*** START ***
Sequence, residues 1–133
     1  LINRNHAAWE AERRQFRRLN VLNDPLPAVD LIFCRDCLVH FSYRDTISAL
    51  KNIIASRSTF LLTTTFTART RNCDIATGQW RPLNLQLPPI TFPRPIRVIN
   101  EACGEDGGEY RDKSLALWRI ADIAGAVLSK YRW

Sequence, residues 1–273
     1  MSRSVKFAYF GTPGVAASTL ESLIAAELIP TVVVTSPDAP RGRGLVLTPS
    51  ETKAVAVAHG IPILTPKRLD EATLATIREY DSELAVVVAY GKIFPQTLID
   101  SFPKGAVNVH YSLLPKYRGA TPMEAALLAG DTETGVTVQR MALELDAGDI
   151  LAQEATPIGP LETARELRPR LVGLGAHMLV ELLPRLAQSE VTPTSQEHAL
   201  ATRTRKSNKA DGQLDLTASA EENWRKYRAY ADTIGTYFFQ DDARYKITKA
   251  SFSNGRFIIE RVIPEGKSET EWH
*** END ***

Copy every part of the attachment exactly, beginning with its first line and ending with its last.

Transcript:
Sequence, residues 1–133
     1  LINRNHAAWE AERRQFRRLN VLNDPLPAVD LIFCRDCLVH FSYRDTISAL
    51  KNIIASRSTF LLTTTFTART RNCDIATGQW RPLNLQLPPI TFPRPIRVIN
   101  EACGEDGGEY RDKSLALWRI ADIAGAVLSK YRW

Sequence, residues 1–273
     1  MSRSVKFAYF GTPGVAASTL ESLIAAELIP TVVVTSPDAP RGRGLVLTPS
    51  ETKAVAVAHG IPILTPKRLD EATLATIREY DSELAVVVAY GKIFPQTLID
   101  SFPKGAVNVH YSLLPKYRGA TPMEAALLAG DTETGVTVQR MALELDAGDI
   151  LAQEATPIGP LETARELRPR LVGLGAHMLV ELLPRLAQSE VTPTSQEHAL
   201  ATRTRKSNKA DGQLDLTASA EENWRKYRAY ADTIGTYFFQ DDARYKITKA
   251  SFSNGRFIIE RVIPEGKSET EWH